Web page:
fresh voices from the front lines of change







Originally published at Capital Gains and Games.

This post from the libertarian Cato@Liberty blog by Christopher Preble about the sizeable increase in the deficit Mitt Romney’s military spending plans will cause caught my eye yesterday thanks to the ever-watchful CG&G alum Bruce Bartlett.

In case you’re not familiar with it, Romney has pledged to spend at least four percent of GDP on the Pentagon’s base budget. And, also just in case you’re not familiar with it, this would be a huge increase in federal spending and, without offsetting tax increases or spending cuts (which given the amount of additional spending and the need to reduce the deficit would be impossible to do), a substantial rise in the deficit.

Here’s the money quote from Cato.

Romney’s Four Percent Gimmick would result in taxpayers spending more than twice as much on the Pentagon as in 2000 (111 percent higher, to be precise), and 45 percent more than in 1985, the height of the Reagan buildup. Over the next ten years, Romney’s annual spending (in constant dollars) for the Pentagon would average 64 percent higher than annual post-Cold War budgets (1990-2012), and 42 percent more than the average during the Reagan era (1981-1989).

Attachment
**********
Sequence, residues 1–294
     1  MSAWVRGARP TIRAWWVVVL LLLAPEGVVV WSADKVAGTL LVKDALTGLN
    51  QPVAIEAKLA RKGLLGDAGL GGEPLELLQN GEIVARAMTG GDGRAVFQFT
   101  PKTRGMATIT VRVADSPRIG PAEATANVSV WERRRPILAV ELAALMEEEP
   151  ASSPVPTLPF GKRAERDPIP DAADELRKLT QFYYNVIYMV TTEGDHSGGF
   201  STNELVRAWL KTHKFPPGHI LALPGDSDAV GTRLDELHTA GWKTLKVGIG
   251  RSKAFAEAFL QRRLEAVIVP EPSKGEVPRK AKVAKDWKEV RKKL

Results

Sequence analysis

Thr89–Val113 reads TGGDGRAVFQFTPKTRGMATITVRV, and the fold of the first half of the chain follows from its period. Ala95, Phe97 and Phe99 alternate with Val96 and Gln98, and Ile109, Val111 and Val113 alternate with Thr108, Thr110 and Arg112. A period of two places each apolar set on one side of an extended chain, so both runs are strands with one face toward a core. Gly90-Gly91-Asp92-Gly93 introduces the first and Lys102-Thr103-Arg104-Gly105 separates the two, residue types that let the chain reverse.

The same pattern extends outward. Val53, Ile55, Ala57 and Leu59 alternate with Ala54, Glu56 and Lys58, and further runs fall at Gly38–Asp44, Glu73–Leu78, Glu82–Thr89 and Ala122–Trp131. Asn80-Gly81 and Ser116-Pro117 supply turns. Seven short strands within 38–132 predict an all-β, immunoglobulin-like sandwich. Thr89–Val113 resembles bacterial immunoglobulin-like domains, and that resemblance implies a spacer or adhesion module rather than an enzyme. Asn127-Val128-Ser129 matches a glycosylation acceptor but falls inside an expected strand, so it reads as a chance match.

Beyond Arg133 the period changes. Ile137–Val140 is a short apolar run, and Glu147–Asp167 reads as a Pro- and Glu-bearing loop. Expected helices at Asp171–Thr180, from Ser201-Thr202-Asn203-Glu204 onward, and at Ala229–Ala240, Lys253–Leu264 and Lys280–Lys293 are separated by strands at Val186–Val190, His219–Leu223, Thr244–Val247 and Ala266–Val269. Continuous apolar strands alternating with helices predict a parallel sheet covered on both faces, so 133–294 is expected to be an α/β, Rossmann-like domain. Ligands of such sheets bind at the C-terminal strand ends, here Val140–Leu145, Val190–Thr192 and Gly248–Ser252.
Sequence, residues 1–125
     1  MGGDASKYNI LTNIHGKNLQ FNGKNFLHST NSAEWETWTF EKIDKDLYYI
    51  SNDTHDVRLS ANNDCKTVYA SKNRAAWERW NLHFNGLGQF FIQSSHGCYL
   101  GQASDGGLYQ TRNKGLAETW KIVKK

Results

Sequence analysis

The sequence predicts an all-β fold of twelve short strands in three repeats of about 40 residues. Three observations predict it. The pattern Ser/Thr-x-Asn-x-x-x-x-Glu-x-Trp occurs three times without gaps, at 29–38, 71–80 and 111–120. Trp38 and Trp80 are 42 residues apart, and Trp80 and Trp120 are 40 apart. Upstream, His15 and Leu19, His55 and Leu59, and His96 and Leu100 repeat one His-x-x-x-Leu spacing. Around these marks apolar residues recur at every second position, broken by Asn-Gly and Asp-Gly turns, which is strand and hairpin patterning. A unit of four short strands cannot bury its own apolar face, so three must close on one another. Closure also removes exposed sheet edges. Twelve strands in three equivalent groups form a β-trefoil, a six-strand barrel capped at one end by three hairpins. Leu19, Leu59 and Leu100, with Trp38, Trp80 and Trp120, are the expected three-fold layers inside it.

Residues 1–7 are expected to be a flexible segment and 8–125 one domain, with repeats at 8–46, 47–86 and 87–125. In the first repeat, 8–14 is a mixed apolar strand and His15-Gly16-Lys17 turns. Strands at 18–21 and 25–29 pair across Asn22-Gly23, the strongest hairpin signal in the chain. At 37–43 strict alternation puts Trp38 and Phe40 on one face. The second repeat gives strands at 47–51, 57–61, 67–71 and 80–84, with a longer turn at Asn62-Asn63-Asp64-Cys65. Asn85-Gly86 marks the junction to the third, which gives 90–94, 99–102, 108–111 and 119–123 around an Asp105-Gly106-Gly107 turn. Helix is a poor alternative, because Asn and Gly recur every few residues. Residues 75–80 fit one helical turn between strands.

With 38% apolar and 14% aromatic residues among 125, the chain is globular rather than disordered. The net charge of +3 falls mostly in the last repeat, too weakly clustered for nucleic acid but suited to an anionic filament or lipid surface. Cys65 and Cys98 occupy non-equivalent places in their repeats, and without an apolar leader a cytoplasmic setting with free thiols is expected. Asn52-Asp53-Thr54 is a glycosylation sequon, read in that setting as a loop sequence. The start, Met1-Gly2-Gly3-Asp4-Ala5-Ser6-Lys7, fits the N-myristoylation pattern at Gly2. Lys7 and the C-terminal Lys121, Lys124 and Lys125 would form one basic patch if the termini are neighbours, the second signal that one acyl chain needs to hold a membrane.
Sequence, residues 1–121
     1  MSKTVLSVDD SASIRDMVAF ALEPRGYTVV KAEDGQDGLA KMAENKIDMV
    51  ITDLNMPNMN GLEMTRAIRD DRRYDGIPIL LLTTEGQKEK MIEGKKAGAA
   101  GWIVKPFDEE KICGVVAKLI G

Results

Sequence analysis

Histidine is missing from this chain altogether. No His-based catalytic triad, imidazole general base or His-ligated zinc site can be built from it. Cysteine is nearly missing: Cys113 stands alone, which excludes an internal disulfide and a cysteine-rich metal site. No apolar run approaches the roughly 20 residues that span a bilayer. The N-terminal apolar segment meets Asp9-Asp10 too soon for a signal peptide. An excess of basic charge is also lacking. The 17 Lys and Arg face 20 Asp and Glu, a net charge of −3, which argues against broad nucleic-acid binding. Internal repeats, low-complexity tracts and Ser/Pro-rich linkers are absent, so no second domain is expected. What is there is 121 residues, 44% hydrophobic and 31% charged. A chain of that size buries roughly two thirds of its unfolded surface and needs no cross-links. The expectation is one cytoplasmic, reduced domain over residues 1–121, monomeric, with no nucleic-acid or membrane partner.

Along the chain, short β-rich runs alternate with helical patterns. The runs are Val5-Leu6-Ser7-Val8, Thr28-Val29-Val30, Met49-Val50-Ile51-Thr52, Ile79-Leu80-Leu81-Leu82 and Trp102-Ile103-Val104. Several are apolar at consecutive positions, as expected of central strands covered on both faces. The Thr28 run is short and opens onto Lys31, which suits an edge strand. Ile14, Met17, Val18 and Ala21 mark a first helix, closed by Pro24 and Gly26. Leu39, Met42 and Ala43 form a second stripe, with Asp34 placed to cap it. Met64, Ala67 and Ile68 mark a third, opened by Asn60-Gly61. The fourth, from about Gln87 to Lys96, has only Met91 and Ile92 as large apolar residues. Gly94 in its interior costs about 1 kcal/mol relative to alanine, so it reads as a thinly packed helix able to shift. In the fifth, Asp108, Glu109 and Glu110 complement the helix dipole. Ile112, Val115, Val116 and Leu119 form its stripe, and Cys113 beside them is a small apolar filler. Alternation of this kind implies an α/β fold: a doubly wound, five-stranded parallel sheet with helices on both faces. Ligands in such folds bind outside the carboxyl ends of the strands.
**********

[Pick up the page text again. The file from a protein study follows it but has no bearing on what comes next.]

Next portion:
I’m really tempted to provide a few of my own comments, such as “This is just pandering;” “How does someone who claims to have strong experience managing the bottom line of a a business explain how he can both dramatically increase Pentagon spending AND reduce the deficit (and also cut taxes, but that’s another story for another time)?”; and “This is so typical GOP: Claim to be fiscally responsible when just the opposite is true.”

But rather than my comments, I’ll let Cato do the talking with these two final quotes from the post:

Does Romney genuinely believe we (today) have enemies that approach the Soviet Union’s might, let alone ones that are 42 percent more threatening? We would be wise to question his judgment if so.


Romney should embrace his supposed conservatism and leave the spendthrift gimmicks to the opposition.

It may be time for Cato to admit publicly that, at least when it comes to the budget, Romney IS the opposition.

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